Antwerp – Pieter Mulier, who has been working alongside Raf Simons since the early 2000s – including as a right-hand man at Jil Sander, Dior and Calvin Klein – got his own chance in the spotlight in February. He became creative director at Alaïa, a position he describes as “winning the lottery”. Mulier left PVH subsidiary Calvin Klein in 2018 after Simons left and then took time out from the industry, not knowing if he would return to fashion.
During a panel at Fashion Talks in Antwerp, the designer shed light on his appointment as creative director of Alaïa in February, how he took on the legacy of the fashion house and the differences he sees in this position compared to previous positions.
After Calvin Klein, he had a “fashion burnout” and no longer felt inspired. The fashion house Alaïa, which is part of the Swiss group Richemont, gave him the opportunity to step out of Simons’ shadow and take over the position of creative director of the fashion house. A house “that hasn’t burned down yet” – that is both an honor and a challenge.
Making the heritage known to the outside world
When he first started as creative director at Alaïa, Mulier asked outsiders from the industry what they knew about the fashion house. Despite the internet, he was treated with ignorance by friends and family, which made him – a fan of Alaïa since the age of 18 – question what his “real job” is at the fashion house. Should he apply his own vision to it or “consider it more like a work of art”, as Azzedine Alaïa did. He decided to follow in the founder’s footsteps and make Alaïa’s work known to those unfamiliar with it – especially a younger audience.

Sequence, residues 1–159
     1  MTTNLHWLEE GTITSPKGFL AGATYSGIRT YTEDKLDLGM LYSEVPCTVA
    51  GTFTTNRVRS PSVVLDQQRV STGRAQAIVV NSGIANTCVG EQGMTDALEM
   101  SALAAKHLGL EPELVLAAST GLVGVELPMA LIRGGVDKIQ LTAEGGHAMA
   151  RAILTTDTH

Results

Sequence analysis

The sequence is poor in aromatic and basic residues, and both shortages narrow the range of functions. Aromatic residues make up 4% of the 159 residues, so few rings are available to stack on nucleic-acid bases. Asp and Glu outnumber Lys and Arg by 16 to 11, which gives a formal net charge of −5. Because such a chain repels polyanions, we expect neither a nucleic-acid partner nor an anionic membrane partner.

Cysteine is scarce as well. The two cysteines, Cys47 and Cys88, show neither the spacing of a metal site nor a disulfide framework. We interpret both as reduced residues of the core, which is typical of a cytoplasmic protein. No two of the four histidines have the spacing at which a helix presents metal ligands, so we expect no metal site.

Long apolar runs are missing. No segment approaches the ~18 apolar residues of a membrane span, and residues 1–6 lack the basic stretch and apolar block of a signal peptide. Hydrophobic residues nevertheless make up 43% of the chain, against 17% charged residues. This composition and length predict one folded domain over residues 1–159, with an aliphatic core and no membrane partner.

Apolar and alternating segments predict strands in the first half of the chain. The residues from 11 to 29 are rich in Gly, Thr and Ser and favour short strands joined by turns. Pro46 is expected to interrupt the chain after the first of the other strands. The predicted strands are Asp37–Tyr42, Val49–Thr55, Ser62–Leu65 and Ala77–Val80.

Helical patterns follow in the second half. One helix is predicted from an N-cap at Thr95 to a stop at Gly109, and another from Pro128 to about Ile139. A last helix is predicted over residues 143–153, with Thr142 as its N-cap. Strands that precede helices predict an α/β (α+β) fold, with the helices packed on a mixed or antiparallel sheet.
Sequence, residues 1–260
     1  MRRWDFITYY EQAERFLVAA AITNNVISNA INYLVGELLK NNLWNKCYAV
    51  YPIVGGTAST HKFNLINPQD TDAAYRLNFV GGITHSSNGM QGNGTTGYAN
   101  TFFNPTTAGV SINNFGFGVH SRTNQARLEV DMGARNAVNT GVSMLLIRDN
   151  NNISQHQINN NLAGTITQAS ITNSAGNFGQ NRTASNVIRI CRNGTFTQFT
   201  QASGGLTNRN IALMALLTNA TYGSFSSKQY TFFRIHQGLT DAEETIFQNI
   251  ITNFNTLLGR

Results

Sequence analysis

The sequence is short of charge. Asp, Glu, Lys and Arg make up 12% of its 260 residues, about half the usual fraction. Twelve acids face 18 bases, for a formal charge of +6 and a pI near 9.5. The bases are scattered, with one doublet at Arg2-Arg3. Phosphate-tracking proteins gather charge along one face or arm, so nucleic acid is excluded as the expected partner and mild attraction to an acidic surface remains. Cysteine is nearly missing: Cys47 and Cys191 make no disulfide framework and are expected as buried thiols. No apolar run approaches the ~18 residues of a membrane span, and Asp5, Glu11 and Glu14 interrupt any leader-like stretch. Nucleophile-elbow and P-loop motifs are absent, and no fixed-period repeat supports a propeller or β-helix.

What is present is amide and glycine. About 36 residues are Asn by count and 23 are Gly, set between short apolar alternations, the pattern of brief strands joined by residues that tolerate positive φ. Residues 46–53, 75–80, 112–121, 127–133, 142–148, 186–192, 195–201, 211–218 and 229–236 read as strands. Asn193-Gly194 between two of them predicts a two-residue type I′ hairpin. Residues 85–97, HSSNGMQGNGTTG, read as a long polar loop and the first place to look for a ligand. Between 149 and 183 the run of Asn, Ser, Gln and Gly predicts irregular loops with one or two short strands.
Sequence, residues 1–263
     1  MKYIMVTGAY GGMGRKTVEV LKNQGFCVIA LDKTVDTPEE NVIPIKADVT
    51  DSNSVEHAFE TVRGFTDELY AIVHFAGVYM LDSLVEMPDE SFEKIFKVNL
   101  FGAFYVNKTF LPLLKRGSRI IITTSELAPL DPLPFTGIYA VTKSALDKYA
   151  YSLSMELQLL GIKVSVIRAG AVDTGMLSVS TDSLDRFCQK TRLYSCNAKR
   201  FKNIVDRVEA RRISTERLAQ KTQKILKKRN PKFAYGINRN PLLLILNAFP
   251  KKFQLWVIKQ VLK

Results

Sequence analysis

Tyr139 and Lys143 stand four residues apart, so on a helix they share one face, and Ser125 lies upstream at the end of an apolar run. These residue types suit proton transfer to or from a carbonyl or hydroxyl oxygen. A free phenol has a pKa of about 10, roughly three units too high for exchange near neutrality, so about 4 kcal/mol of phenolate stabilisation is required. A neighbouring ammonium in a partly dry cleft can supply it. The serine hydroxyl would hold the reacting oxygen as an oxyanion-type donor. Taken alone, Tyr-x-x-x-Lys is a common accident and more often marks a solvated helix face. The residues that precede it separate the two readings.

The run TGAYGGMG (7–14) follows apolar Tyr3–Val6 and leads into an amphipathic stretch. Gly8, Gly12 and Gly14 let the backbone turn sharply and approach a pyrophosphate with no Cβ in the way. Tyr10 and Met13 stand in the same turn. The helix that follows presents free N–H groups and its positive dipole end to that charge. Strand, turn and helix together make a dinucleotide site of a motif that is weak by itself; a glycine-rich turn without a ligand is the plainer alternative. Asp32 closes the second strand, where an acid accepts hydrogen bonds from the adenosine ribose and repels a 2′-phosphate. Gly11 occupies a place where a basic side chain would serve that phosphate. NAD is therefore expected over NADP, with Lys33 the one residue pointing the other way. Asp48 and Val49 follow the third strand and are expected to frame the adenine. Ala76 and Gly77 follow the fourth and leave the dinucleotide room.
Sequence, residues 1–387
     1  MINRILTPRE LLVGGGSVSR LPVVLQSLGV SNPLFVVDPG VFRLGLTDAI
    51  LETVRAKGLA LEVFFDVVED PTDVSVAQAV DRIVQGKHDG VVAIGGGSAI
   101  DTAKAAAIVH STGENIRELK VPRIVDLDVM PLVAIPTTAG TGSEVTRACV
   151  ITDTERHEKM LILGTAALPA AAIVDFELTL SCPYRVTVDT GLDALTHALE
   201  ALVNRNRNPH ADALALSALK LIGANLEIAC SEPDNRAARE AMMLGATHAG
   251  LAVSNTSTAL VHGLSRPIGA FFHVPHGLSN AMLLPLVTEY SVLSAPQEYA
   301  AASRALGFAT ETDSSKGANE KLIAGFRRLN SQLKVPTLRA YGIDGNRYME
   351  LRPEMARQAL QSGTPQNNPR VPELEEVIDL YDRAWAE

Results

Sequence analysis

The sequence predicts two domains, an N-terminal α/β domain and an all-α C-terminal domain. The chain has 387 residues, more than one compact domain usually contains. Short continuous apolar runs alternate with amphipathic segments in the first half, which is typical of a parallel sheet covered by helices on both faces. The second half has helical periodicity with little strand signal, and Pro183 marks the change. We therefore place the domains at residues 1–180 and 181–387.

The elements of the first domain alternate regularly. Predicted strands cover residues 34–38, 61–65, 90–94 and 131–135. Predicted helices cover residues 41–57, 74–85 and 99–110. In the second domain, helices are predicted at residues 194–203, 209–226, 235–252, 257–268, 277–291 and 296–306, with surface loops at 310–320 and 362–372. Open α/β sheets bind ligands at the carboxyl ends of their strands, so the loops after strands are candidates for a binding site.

“I see my job as taking care of the house, and I don’t think I’m important to the whole story. The name is much more important […],” Mulier told Fashion Talks.
The road to creative director
Alaïa had called him a year before his appointment, the designer said. This gave Mulier time to think about the role and do research. At the time, he thought he knew the fashion house well. However, wanting to expand his knowledge, he started purchasing vintage pieces from the 70s, 80s and 90s. A period of the founder he was not so familiar with.
“I bought, bought and bought. I was so happy every morning when the delivery person came.” Each dress was a surprise to him. These finds completely convinced the designer to take the position.
New chapter at Alaïa
Simons and Mulier, who came from the French couture house Dior in Paris to Calvin Klein in New York, hoped for and experienced the American Dream, but also found out how hard the blow can be after that. “I was disgusted by the amount of products we had to deliver, constantly, 16 times a year. […] At some point I started to wonder: who buys all this?” With Alaïa, Mulier sees the opposite. He knows who the customer is and who he is targeting with his designs. At Calvin Klein he had to work with 300 to 400 people. At Alaïa everything goes through his hand, Mulier says. The team he works with is much smaller. There is no merchandiser or marketing director and “only two collections” a year. The emphasis is on the values of “humanity, respect and beauty”. This total package seems to have brought Mulier back his creativity and pleasure in fashion.
This article first appeared on FashionUnited.DE, then translated and edited into Dutch by Ilona Fonteijn.
Source: fashionunited.nl by fashionunited.nl.
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